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Joint Professional Practice Guidelines: Encapsulated Mass Timber Construction up to 12 Storeys

https://research.thinkwood.com/en/permalink/catalogue2772
Edition
Version 1.0 March 30, 2021
Year of Publication
2021
Topic
Design and Systems
Material
CLT (Cross-Laminated Timber)
DLT (Dowel Laminated Timber)
NLT (Nail-Laminated Timber)
PSL (Parallel Strand Lumber)
LSL (Laminated Strand Lumber)
Glulam (Glue-Laminated Timber)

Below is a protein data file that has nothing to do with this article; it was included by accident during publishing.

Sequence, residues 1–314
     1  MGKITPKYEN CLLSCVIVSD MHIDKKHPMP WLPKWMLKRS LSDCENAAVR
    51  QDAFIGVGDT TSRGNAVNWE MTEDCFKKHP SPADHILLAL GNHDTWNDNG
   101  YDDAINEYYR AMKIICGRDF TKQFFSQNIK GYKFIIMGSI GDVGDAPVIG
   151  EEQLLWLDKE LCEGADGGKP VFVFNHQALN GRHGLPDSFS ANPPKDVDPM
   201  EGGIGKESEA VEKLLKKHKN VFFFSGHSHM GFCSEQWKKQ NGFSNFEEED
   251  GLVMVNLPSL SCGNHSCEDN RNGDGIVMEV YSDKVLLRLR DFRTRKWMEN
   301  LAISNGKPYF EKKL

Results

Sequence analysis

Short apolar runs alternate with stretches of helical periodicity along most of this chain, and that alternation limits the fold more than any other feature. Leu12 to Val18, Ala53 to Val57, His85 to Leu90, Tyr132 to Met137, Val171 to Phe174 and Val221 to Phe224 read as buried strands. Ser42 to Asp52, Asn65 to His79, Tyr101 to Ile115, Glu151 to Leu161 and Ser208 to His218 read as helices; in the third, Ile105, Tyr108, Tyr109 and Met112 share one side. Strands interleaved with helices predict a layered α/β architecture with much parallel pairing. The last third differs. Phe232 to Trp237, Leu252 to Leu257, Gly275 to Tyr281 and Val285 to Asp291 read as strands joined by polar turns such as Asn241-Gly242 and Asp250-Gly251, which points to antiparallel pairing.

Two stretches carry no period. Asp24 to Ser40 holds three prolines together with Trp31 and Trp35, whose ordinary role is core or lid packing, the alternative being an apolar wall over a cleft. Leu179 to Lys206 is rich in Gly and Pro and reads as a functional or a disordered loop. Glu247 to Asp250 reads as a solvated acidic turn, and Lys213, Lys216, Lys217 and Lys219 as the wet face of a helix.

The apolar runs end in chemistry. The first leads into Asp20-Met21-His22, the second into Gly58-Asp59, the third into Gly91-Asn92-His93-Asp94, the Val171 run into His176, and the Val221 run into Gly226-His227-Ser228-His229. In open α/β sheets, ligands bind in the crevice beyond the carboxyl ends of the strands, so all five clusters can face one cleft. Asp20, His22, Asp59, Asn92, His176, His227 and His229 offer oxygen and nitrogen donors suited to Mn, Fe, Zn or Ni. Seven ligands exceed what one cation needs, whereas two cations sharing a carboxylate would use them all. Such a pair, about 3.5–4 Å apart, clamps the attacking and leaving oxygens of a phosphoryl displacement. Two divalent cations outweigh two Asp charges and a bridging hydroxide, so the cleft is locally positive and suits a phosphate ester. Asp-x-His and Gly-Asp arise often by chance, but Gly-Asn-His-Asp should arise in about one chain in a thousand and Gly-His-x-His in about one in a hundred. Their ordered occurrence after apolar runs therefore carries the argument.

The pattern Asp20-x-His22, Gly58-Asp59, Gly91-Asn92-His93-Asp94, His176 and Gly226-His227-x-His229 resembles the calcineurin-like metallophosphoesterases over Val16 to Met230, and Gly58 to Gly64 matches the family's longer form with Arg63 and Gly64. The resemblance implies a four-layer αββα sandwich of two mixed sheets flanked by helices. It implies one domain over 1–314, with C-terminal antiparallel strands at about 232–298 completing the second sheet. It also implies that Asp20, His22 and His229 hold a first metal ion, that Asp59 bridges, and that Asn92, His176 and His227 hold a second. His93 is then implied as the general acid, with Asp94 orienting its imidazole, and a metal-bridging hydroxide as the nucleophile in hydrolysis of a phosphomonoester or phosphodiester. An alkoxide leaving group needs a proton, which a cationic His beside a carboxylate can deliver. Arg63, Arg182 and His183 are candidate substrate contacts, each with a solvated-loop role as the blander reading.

Application
Wood Building Systems
Organization
Architectural Institute of British Columbia (AIBC)
Engineers and Geoscientists British Columbia
Edition
Version 1.0 March 30, 2021
Year of Publication
2021
Country of Publication
Canada
Format
Book/Guide
Material
CLT (Cross-Laminated Timber)
DLT (Dowel Laminated Timber)
NLT (Nail-Laminated Timber)
PSL (Parallel Strand Lumber)
LSL (Laminated Strand Lumber)
Glulam (Glue-Laminated Timber)
Application
Wood Building Systems
Topic
Design and Systems
Keywords
Acoustics
Structural
Design
Building Enclosure
Architecture
Quality Assurance
Building Code
Encapsulated Mass Timber Construction
Engineering
Fire Protection
Language
English
Research Status
Complete
Summary